Are you selling products online? Do you have a landing page?

Well this indepth guide shows you how to create a landing page that C.O.N.V.E.R.T.S.

It’s an A.W.E.S.O.M.E article that’s defo worth keeping…

So you’ve got your marketing all set. You have paid search ads going, your pages are well optimized and generating good natural search, your Facebook ads are working, and you’re getting lots of traffic. (I know, this probably is a fantasy situation, but let’s go with it.)

People are visiting your site, but for some reason, you’re not seeing your other numbers move at all. Should you throw up your hands and conclude that your marketing doesn’t work?

Not yet. The first thing you might want to look at is what people do after they go through your ads. If you don’t have a good landing page, it’s like going fishing without a net: you might land a big one on your hook, but you won’t be able to drag it into the boat.

You don’t want people to just visit your page. You want them to take action once they are there. So make it as easy and compelling as possible for them by including these elements found in a landing page that CONVERTS:

C = Clear Call to Action
O = Offer
N = Narrow Focus
V = VIA: Very Important Attributes
E = Effective Headline
R = Resolution-Savvy Layout
T = Tidy Visuals
S = Social Proof


In a famous scene from Glengarry Glen Ross, the man sent to train the hapless salesmen sums up his sales mantra – ABC: Always Be Closing. This should be the mantra of your landing page, too. And the way you accomplish ABC is by focusing on your call to action.

The call to action (CTA) is what you want visitors to do: Shop Now. Sign Up. Try It. Contact Us. See Our Video.

Whatever it is you’ve decided will move people further along your conversion funnel. That’s what you should be asking them, clearly and temptingly, to do. Don’t distract them with lots of other requests. The best pages accentuate only one CTA.

Considerations for strategy

This is a very powerful (and easy) area to test. So test color, size, and placement of the button. Test relatively demure copy (“Support Our Cause”) against more demanding copy (“Donate Now”).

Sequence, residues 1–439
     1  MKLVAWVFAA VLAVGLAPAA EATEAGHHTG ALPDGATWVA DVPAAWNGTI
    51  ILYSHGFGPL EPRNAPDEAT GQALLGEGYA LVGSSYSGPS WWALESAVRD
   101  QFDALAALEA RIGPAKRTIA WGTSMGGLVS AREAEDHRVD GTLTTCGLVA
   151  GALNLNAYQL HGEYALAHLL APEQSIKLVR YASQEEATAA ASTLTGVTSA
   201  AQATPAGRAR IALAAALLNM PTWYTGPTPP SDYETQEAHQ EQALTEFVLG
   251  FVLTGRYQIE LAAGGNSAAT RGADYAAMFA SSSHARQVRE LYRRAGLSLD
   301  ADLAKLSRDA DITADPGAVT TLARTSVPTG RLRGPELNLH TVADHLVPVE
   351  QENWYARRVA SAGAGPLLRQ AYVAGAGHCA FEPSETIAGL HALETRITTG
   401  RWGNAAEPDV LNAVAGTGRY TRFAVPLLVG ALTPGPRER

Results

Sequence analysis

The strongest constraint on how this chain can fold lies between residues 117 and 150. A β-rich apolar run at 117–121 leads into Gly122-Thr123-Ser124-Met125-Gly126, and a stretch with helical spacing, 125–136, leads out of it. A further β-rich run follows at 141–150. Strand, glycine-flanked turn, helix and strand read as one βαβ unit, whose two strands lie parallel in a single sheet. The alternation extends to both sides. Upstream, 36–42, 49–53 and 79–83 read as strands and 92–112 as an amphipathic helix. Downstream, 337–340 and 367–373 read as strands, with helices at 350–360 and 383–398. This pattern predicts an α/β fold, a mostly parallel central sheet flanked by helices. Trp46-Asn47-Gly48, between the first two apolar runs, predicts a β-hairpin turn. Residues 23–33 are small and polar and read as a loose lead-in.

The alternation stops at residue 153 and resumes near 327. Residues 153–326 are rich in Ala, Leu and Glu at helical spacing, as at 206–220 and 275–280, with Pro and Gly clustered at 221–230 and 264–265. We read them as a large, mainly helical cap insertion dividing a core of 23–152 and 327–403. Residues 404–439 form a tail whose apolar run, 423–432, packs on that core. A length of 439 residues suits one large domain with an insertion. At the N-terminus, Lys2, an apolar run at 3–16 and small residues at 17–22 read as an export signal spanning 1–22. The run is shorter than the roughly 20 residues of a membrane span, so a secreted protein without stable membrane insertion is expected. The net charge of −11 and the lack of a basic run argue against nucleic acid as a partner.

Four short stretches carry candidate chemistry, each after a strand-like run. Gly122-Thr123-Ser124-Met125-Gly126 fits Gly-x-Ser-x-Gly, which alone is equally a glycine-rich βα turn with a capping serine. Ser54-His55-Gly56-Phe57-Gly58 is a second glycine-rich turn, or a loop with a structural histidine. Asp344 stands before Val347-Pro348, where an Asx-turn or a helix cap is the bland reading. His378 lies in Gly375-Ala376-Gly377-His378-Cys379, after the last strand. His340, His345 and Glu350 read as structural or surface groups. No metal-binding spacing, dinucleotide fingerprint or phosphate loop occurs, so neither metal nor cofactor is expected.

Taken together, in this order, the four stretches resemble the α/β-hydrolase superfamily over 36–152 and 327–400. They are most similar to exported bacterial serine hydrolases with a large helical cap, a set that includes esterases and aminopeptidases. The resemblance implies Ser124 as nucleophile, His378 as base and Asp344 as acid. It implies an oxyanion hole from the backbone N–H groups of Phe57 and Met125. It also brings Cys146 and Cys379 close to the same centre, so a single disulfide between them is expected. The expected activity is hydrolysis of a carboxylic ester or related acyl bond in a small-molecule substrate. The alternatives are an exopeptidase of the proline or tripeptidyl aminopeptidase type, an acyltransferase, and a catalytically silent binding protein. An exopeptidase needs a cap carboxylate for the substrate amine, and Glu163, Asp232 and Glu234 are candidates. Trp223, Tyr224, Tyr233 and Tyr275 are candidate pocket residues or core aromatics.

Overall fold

Considerations for design

  • Make sure the CTA is displayed at least once in a visually distinct, centralized, and obviously buttony-looking button. Don’t make people guess at what they should click on.
  • Use visual cues, such as arrows or images of people looking at the button, to draw the eye.
  • If you have other CTAs on the page, de-emphasize them visually compared with the primary CTA.
  • If you have content below the fold, repeat the CTA. Always make it easy and compelling for the visitor to take the desired action.

The cautionary tale


Forrester Research. It’s really not clear what you’re supposed to do here. Do an advanced search? That’s the only thing that’s visually set apart, and it has a nice arrow pointing to it. Not sure how that helps them sell events.


Doing it right

Pocket. The eye goes right to the CTA. Especially nice is the way the video is miniaturized here, because often the play button on a video can be distracting.


An offer is anything you give your visitors in exchange for getting them to do what you want. This can mean offers in the traditional sense of coupons or discounts, but it also can mean a free trial, a free version of the product, a whitepaper, or a matching gift.

Considerations for strategy

The best offers pull users deeper into the conversion funnel:

  • A bill pay website might offer users $10 for the first bill they pay, which would require them to sign up for the service and connect their accounts.
  • A consulting agency might offer a free 60-minute consultation, which really is a meeting to describe how awesome the agency is.

Whatever you offer, try pairing it with a deadline to create a sense of urgency and spur a response.

Considerations for design

Make sure the offer is conveyed simply and that it doesn’t distract from the CTA.

The cautionary tale


AAA. There’s a lot going on (wrong) here. Most insurance sites offer a free quote with minimal information (mostly just a ZIP code). AAA takes more of a “demanding” rather than “offering” approach, blocking your view of their page until they get what they want. Peeking into the gloom, you can see that even after they get your ZIP, you get zip – just an invitation for someone to call you. Just what everyone wants!

Doing it right